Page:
The ASUS UEFI BIOS are by far one of the most effective and clean UEFI BIOS that have come across the Legit Reviews test bench so far. When you first boot up either of the ASUS Republic of Gamers motherboards you are presented with the Extreme Tweaker page within the Advanced mode. Here we have, or can jump to all of the pages that we will need for overclocking. The first option on the Extreme Tweaker page is the CPU Level Up. You can set you Intel Core processor to either 4.2GHz or 4.6GHz. Beleow the CPU Level Up feature we can manually set the Bclk, Maximum Turbo ratio, Memory Frequency, as well as the iGPU Max Frequency. This particualar shot is from the ASUS Maximus IV Extreme-Z. If you remember back to the layout page, there is no video out on the Extreme-Z, yet we can still tweak the iGPU!
Scrolling down the Extreme Tweaker page we can see the sub-pages for the DRAM Timing, GPU DIMM Post, CPU Performance Settings, as well as the DIGI+ VRM/Power control. Below the selection of sub-pages we begin to see our Voltage Options. The ASUS Maximus IV Extreme-Z and the ASUS Maximus IV Gene-Z should has enough voltage options for any level of overclocker out there.
Above we can see the remaining Voltage options on the Extreme Tweaker page.
Above you can check out the DRAM Timing Control page.
The GPU.DIMM post page shows us the GPU’s installed into the system as well as the basic memory information. The Gene-Z
The CPU Performance Settings page will let you adjust the CPU ratio as well as the power settings of the motherboards.
The second page of the ASUS UEFI BIOS is the “Main” page. Here we can find the information on the BIOS as well as some basic information about the processor and memory.
The advanced page gives us access to several of the sub-pages which include CPU Configuration, System Agent Configuration, PCH Configuration, SATA Configuration, USB, Onboard Devices, APM, iROG, ROG Connect, and LED Control.
Once again we have another spot that we can tweak the CPU Ratio on the ASUS Maximus IV series motherboards. We can also enable/disable features like the Intel Adaptive Thermal Monitor, and Limit CPUID Maximum.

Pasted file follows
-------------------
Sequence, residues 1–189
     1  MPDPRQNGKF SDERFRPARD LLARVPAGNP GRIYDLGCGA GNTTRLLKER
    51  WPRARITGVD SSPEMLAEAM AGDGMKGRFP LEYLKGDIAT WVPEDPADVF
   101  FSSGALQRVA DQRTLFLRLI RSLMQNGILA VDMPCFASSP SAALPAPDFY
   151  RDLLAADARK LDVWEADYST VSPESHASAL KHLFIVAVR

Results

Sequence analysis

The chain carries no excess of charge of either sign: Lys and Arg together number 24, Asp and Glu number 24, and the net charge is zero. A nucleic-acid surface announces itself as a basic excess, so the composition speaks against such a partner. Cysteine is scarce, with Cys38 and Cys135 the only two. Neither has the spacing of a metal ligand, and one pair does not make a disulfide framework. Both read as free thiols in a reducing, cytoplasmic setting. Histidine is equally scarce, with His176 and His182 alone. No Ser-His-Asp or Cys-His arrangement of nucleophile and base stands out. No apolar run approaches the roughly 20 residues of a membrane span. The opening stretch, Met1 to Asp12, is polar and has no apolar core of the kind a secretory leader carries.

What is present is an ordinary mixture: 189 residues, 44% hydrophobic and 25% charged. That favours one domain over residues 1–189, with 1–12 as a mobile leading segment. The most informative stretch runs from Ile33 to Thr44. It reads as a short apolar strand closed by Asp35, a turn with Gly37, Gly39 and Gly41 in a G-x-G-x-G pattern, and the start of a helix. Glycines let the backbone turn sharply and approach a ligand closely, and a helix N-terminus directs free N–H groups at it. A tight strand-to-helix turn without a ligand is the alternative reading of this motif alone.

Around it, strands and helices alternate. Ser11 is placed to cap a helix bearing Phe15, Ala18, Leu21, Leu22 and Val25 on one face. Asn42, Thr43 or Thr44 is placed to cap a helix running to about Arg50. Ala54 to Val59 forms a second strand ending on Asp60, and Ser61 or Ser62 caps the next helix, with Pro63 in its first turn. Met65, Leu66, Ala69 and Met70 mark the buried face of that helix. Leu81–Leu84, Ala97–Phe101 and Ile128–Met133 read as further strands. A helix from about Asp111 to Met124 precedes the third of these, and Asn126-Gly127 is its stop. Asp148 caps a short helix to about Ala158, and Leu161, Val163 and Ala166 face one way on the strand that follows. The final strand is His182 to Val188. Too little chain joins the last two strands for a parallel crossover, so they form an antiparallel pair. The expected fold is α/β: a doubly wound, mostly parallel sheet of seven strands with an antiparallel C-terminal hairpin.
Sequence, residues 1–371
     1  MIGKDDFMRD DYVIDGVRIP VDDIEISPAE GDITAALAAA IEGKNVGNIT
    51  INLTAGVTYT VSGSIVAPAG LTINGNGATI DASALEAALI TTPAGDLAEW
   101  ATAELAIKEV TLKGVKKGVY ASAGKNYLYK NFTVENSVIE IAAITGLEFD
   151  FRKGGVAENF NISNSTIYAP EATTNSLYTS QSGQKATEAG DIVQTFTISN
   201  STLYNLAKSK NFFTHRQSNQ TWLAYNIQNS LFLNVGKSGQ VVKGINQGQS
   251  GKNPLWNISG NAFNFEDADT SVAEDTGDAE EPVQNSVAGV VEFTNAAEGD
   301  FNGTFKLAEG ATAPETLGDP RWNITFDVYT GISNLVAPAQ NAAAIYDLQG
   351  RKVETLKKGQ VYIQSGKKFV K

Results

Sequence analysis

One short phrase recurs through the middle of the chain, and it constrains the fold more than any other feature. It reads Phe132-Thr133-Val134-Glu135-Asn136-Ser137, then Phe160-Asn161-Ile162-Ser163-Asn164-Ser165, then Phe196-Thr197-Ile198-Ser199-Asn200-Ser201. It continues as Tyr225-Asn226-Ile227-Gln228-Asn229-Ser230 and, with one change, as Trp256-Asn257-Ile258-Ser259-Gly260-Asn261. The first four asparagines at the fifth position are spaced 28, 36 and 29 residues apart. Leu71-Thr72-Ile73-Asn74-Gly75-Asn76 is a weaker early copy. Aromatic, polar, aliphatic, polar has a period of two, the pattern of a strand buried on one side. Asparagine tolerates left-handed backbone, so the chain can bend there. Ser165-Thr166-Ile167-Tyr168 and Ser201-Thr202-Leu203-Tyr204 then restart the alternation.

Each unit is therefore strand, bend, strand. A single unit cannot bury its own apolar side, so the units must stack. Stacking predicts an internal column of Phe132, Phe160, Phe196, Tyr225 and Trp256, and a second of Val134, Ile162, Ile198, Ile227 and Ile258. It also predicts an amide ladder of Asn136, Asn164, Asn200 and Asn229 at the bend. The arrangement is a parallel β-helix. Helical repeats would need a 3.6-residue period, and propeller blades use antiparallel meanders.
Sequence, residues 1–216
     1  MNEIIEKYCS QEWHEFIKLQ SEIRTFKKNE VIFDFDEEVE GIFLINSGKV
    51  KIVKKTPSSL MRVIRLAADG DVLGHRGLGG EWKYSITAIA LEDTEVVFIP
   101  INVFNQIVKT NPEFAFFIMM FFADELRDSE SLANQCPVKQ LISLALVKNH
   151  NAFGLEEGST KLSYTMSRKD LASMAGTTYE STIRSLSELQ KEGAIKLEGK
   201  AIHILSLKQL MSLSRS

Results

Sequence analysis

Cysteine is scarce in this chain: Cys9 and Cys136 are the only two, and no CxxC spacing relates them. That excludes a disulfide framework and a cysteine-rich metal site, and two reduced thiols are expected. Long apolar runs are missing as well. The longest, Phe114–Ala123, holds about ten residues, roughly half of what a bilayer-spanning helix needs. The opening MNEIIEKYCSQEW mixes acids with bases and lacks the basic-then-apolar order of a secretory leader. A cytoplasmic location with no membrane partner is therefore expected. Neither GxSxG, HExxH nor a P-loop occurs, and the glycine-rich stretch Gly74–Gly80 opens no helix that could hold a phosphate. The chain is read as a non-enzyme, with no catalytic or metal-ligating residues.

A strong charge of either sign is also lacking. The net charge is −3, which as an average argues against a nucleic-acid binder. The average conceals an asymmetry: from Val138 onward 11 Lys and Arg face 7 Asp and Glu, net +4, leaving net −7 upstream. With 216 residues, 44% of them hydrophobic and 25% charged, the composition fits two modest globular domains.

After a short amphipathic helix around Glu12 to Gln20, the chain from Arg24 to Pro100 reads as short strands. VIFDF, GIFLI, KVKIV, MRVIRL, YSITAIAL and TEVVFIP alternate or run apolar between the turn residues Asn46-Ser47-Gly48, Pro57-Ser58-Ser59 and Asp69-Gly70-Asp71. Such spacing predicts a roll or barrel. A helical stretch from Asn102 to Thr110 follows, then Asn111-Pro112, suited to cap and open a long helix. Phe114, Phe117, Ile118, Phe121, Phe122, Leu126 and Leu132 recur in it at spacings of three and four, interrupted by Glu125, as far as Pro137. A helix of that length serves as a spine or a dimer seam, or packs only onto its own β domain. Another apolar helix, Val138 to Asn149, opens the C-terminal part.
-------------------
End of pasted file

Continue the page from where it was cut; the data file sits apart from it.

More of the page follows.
If yo are looking for the iGPU BIOS options they can be found on the System Agent Configuration page.
Here we can set our SATA drives between IDE, AHCI, or RAID modes.
The ASUS Maximus IV Extreme-Z and the Gene-Z UEFI BIOS have the monitor tab broken down into four additional pages, Voltage, Temperature, Fan Speed Monitor and Fan Speed Control. Above you can see the Temperature page, always a good place to start to make sure nothing is ready to go up in smoke.
The Onboard Devices Configuration Page allows us to enable or disable the onboard device should you choose to run a dedicated piece of hardware instead, or simply have no plans to use the onboard versions.
Here we have the iROG Configuration page.
Above we have the ROG Connect page.
The LED Control page lets us disable the various LED’s on the ROG motherboards.
The ASUS Maximus IV Extreme-Z and the Gene-Z UEFI BIOS have the monitor tab broken down into four additional pages, Voltage, Temperature, Fan Speed Monitor and Fan Speed Control.
The Voltage Monitor page combines most of the system voltages into one place that’s easy to read.
Above you can see the Temperature page, always a good place to start to make sure nothing is ready to go up in smoke.
As you can see above the Fan Speed Monitor displays the fan speeds in the system.
Above we have the fan speed control page.
The boot page has all the features regarding boot orders, and options.
The Tools page of the UEFI BIOS has the EZ Flash 2 Utility, ASUS SPD Information, OC Profiles, Go Button File, and the BIOS Flashback utility.
The ASUS Speed Information page shows the latencies and timings of the Memory JDEC and XMP settings.
The ASUS UEFI BIOS gives us places to store eight different BIOS profiles.
The Go Button page allows you to input the settings that you want the Go Button to work from.
Above you can check out the BIOS Flashback page, here we can switch which BIOS chip we boot from.
Above we can load the optimized Defaults, Save Changes, Discard Changes, switch to the ASUS EZ Mode, or Launch EFI Shell from a file system device.
One little tidbit I noticed about the ROG BIOS (aside from the colors which match the ROG Red and Black) was that the system doesn’t default to the EZ Mode. Instead it heads directly into the Extreme Tweak and if you want the EZ Mode you have to switch to it.